HC Deb 03 May 1881 vol 260 cc1655-6

asked the Vice President of the Council, If he can inform the House what benefit is expected to be obtained by the extensive resurveys of the work done by the late Mr. Jukes, director of the Geological Survey of Ireland, in the counties of Cork, Kerry, Limerick, and Clare; whether these resurveys have been duly authorized by the Treasury; and, if not, on whose authority are they made; whether any, and what, discoveries have as yet resulted from them; and, whether he has any objection to lay the whole Correspondence on the subject upon the Table of the House?


Investigations since Mr. Jukes's death having thrown fresh light on the relations of the strata in the South of Ireland to the representative formations in Britain, a resurvey of the area was considered necessary by the Director in Ireland, Professor Hull. The reasons for this were stated to the Director General, Professor Ramsay, and approved by him. The re-survey was authorized by the Director General in the usual manner, it never having been the custom to consult the Treasury on minor matters of detail. Professor Ramsay states that during the progress of these investigations, now approaching completion, the observations of strata in the field have fully justified the re-survey, which is expected to be completed by the end of this summer, and will bring the Irish maps into complete accord with the British maps. The only correspondence is that between Professors Ramsay and Hull, which I shall be happy to show to the hon. Member, and he will, I think, agree that it is unnecessary to publish it. At a later period of the Session I hope to be able to state what steps have been taken by Her Majesty's Government to facilitate the survey.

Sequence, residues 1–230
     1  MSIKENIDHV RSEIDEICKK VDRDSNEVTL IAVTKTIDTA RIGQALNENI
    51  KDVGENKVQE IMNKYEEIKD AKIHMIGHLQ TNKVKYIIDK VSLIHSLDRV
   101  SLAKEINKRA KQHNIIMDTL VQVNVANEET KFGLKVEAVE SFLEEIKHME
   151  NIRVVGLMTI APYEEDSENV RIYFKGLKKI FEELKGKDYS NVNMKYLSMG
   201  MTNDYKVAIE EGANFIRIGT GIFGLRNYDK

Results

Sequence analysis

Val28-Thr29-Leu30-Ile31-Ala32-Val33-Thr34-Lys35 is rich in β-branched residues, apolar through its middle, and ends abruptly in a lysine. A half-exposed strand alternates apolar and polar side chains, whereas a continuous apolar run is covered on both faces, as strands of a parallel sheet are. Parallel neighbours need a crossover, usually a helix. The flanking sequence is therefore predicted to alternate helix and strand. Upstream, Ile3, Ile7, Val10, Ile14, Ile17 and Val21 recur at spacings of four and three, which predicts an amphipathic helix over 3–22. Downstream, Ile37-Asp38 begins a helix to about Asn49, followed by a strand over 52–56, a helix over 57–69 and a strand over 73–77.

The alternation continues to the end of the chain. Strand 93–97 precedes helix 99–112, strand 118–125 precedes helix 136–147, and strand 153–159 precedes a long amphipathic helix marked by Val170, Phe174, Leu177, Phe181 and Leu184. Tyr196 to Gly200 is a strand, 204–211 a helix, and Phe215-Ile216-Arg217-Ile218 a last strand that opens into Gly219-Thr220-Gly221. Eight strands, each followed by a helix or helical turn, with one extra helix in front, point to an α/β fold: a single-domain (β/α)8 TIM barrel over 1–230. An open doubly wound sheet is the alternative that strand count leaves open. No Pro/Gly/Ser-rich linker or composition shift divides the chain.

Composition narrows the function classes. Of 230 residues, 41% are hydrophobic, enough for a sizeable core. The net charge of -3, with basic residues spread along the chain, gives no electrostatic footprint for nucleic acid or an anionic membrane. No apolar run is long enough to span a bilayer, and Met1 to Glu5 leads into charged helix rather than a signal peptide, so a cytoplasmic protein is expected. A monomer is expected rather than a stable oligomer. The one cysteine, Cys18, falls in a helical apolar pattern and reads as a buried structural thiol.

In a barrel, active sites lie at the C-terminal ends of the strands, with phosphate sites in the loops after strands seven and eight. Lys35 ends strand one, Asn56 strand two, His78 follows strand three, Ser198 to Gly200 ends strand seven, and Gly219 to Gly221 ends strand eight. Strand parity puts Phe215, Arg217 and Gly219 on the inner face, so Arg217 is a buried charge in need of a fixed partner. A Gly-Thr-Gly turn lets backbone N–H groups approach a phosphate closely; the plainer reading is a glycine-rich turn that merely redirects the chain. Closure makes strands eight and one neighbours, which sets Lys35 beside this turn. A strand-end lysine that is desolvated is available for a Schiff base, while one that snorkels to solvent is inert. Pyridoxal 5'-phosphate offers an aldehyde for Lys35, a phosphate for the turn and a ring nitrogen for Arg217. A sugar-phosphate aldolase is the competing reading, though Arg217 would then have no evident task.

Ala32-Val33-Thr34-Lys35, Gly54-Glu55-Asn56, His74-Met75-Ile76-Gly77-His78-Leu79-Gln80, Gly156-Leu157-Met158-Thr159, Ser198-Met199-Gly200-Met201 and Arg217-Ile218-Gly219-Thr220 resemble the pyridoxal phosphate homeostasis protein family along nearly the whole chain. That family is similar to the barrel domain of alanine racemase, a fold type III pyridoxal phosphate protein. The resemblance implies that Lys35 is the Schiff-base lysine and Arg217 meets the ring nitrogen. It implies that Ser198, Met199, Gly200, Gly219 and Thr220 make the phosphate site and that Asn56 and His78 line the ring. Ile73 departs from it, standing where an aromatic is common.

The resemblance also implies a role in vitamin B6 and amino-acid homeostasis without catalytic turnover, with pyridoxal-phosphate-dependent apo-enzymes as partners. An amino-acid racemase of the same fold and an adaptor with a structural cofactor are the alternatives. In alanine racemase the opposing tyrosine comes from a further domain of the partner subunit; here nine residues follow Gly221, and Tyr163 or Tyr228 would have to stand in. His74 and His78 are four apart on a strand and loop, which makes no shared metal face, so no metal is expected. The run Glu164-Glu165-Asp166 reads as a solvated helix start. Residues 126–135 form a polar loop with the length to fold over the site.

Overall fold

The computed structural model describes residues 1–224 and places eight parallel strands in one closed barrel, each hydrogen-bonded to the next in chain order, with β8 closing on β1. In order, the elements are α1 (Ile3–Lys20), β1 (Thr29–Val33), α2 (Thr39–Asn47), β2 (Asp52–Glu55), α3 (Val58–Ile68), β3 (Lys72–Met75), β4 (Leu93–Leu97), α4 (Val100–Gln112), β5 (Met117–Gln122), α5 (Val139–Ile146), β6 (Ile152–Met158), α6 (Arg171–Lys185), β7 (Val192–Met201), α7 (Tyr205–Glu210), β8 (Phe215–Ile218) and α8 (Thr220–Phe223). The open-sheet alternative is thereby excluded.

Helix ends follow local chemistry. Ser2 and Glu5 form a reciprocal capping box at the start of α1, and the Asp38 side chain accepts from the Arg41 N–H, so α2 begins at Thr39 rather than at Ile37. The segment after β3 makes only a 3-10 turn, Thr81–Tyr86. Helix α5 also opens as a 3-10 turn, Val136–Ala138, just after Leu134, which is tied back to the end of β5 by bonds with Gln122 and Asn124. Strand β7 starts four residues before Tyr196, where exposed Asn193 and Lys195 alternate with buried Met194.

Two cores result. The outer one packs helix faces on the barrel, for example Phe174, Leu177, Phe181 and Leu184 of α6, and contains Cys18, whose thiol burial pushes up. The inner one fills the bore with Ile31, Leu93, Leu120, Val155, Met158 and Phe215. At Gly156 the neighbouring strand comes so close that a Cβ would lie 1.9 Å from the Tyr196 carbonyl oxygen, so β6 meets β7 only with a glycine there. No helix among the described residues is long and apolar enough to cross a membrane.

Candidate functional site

Is not the English survey in bad condition?


acknowledged that that was the case.